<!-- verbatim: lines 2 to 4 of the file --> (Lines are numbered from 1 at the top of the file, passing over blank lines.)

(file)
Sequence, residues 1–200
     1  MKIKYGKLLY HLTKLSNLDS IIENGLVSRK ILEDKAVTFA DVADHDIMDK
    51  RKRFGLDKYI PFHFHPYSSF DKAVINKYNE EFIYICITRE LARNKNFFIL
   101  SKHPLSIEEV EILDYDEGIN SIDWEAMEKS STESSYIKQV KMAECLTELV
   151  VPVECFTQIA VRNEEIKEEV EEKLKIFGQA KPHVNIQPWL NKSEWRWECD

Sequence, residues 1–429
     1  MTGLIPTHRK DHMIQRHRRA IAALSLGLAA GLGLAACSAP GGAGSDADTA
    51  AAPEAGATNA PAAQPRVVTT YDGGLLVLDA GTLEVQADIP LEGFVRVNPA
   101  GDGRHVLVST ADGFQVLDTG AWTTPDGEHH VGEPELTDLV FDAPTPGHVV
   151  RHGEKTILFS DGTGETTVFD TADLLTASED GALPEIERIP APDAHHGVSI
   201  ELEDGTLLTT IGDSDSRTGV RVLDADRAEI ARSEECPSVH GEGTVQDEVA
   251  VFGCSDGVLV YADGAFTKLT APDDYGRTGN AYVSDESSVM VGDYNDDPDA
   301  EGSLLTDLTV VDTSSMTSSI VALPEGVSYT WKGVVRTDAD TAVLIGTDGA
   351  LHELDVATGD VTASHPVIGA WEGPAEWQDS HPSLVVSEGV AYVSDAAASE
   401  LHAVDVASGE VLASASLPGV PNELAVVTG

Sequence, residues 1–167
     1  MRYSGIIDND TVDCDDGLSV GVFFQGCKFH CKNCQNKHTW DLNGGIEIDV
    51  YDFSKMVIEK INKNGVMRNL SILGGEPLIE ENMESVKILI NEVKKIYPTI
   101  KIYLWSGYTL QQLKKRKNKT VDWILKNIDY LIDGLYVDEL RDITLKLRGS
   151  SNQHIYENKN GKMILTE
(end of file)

     1  MKIKYGKLLY HLTKLSNLDS IIENGLVSRK ILEDKAVTFA DVADHDIMDK
    51  RKRFGLDKYI PFHFHPYSSF DKAVINKYNE EFIYICITRE LARNKNFFIL
   101  SKHPLSIEEV EILDYDEGIN SIDWEAMEKS STESSYIKQV KMAECLTELV